We have seen the pileated woodpeckers on our property in Newnan, GA, for many years. They lived in a dead tree behind our house until it fell. We left it where it fell since it was not in the way. Eventually they moved to another tree. On a few occasions they have come to our feeder on our deck.


On Aug 21, 2019, AmyInNH from Brookline, NH wrote:

Big beasty!
Heard this bird in Brookline NH, "Wuk! Wuk! Wuk!", but it wasn't close enough to ensure identity.
Did see this bird in Billerica, MA, what a big beauty!


On Dec 31, 2010, audsrz from Traverse City, MI (Zone 5a) wrote:

This bird is common in my yard. We have three seperate nesting pairs. We call them "woodpecker-saurus" bacause of their maniacal call. I love to watch them chase the starlings and jays off of the suet cakes. This fall we had the added joy of watching a proud poppa show two hatchlings how to climb down the telephone pole to harvest the wild grapes. I never picked a single one for juice this year, and I don't regret the loss one bit.


On Nov 9, 2010, mhtcobb from Naylor, GA wrote:

This is the largest woodpecker I have ever seen in the area. Its call is really unique. There are 4 living in a dead tree behind my house. The best thing about them is that they have completely rid my shed of carpenter bees. I never even see the bees around the shed anymore!


On May 25, 2010, juniperberry from Bellville, TX wrote:

I was surprised to see this large bird standing on the ground next to the railroad track that runs through Cat Spring, TX about four years ago.

Then about two weeks ago we saw one near the top of a telephone pole on the outskirts of Bellville, TX one evening. Amazing! We stopped the car to look at it and it flew away into a nearby woods.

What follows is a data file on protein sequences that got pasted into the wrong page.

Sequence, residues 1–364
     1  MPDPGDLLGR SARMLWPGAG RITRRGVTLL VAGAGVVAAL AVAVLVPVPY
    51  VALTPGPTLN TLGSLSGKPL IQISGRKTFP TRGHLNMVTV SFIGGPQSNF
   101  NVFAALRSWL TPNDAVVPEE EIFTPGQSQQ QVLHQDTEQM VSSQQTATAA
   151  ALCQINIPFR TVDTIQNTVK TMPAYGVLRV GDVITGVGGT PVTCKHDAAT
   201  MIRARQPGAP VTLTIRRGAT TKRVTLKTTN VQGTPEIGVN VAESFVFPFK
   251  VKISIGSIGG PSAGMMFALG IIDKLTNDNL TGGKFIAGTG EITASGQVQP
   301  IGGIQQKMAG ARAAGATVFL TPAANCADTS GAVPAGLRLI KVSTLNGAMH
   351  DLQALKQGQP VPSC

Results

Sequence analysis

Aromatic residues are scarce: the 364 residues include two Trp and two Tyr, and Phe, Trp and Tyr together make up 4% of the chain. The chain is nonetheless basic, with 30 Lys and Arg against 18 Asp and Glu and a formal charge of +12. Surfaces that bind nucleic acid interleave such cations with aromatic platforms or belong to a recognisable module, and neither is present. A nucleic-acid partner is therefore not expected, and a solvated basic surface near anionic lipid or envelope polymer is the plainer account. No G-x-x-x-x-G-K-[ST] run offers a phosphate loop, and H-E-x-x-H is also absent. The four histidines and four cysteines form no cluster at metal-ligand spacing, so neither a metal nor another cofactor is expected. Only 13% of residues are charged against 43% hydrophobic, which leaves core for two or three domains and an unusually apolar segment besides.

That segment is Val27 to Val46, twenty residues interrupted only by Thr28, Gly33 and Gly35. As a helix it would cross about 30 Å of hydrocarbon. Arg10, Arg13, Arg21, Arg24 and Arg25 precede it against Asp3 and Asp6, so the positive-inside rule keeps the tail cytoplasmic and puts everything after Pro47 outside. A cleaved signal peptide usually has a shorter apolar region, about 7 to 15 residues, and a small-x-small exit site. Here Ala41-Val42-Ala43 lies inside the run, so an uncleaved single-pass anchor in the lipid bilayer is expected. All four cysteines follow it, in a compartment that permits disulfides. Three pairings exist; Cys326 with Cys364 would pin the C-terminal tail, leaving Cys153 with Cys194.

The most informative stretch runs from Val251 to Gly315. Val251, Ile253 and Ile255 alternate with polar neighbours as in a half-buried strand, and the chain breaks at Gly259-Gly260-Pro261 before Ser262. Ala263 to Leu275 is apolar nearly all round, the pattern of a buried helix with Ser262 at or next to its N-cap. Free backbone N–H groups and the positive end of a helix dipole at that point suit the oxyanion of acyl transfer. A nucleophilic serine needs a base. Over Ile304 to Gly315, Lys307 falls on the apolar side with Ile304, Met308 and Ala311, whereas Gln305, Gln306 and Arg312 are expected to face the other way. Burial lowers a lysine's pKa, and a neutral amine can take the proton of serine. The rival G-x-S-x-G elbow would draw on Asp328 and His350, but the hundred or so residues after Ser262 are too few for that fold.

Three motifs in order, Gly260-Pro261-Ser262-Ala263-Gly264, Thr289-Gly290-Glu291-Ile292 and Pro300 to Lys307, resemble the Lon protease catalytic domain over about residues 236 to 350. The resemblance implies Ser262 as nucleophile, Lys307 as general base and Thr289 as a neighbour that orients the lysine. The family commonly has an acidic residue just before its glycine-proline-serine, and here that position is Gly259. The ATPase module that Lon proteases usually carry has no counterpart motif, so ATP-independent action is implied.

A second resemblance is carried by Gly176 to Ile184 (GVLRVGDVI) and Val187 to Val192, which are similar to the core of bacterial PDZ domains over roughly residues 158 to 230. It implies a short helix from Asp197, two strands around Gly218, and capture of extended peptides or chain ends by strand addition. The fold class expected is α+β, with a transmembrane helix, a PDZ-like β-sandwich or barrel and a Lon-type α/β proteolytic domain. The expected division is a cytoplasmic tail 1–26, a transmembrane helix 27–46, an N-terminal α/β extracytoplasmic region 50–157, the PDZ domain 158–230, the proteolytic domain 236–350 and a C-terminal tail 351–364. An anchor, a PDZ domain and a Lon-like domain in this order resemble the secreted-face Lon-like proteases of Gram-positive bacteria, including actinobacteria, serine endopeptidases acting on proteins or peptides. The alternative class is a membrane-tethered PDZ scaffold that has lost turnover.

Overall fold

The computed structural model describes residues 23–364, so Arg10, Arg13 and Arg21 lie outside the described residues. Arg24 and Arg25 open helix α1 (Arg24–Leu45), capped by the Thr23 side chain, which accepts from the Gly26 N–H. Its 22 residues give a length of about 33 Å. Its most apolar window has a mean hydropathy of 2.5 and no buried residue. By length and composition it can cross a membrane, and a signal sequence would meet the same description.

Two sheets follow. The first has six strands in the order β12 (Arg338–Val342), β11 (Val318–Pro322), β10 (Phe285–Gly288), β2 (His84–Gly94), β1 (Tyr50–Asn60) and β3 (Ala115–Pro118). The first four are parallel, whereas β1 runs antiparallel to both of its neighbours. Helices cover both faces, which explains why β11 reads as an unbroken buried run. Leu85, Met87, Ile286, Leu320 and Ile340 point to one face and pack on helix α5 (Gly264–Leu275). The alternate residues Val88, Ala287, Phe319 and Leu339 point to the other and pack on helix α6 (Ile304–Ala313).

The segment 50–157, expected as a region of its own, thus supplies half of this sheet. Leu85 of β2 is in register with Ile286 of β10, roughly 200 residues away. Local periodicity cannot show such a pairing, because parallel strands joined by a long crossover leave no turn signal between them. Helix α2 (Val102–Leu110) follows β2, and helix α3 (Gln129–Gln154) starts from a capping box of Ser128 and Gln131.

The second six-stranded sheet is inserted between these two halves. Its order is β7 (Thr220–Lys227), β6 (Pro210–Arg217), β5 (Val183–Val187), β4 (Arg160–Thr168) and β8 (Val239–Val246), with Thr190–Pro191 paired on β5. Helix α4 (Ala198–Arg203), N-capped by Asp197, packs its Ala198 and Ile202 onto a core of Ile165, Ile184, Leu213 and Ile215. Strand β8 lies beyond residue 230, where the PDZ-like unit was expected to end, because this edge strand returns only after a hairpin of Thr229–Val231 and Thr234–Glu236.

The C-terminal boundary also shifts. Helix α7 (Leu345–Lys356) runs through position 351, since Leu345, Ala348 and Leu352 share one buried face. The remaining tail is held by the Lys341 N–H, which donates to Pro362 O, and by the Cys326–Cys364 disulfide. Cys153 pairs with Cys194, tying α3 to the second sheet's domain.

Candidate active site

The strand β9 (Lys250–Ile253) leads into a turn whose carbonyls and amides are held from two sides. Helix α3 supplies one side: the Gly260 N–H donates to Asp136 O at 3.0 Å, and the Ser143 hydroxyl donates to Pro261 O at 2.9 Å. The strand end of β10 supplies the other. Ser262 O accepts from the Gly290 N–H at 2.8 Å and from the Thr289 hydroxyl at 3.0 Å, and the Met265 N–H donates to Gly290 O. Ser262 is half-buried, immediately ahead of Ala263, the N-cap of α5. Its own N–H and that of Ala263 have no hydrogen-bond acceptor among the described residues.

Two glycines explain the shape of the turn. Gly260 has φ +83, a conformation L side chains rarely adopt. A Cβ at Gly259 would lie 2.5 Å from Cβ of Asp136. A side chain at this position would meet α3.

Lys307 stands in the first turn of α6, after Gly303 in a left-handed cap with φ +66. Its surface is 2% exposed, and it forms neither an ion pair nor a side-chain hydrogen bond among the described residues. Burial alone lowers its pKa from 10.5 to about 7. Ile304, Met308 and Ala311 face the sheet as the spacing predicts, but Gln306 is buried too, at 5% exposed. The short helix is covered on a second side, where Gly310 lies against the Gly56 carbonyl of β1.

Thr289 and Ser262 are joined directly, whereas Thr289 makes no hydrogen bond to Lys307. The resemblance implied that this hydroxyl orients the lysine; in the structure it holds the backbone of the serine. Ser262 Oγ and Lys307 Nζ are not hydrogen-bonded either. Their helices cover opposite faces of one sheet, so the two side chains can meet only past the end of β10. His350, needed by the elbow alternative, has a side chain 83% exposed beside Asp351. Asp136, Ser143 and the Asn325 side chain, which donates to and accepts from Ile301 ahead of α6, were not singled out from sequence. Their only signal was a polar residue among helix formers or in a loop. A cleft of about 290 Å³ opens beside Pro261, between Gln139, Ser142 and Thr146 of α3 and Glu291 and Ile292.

On Apr 24, 2010, marthabatten from Shapleigh, ME wrote:

We have seen this woodpecker twice, once while kayaking on the deserted end of our lake and once from our window high overlooking the lake. Magnificent.


On Mar 20, 2010, Hoagie from North Tonawanda, NY wrote:

I had never seen this bird before in 50 years, but have seen it now in 4 different areas in the past 5 years, 3 times in western NY and once in Maine. It is so beautiful! I hope it is becoming more common, would love to see it all the time.


On Oct 13, 2009, PiBall from Milford, NH wrote:

They are common in my area of NH. They are great vacuum cleaners for tree cavities, and, as most birds do, eat constantly. I once watched a Pileated spend most of the day at the base of seemingly healthy pine in my driveway. Later that day, due to our curiosity about the bird's long stay, we discovered the tree's base was thin to a dangerous state by carpenter ants. We IMMEDIATELY removed the cars and took the tree down. So little remained of the trunk it would have surely come down in the next wind or rain, likely onto the cars. Fortunately the tree was far from the house, because you can just imagine where those thousands of ants had to scurry off to; thankfully for us, the woods. NEVER leave a tree stump or snag close to your house just to feed the birds!


On Sep 3, 2009, mrbluejeans from north adams, MA (Zone 5b) wrote:

The pileated woodpecker does not respond to bird houses very well. To help lure a nesting pair to an appropriate size built wooden structure, several inches of wooden shavens/chips could be placed in the bottom of the nesting box. They still prefer to use a hole in a tree though.


On May 25, 2009, sassafrasgreen from Georgetown, IN wrote:

These birds eat the beetles that devour dead trees.

To encourage Pileated Woodpeckers to live near you, leave dead tree trunks standing if they pose no danger of causing damage by falling, or allow the trunk to remain on the ground for several years if it must be cut down.


On Apr 21, 2009, nanny_56 from Putnam County, IN (Zone 5b) wrote:

This bird is unbelievable the first time you see it. I never knew anything like this existed before I saw it land on my tree back in the winter of 2007 at our then new home.

It is more often heard than seen. There is no mistaking its wild call.


On Jan 17, 2009, DebinSC from Georgetown, SC (Zone 8a) wrote:

On the male, the red coloring of the crest begins at the beak; the female has a more of a black forehead. The male also has a small red "mustache" that the female does not.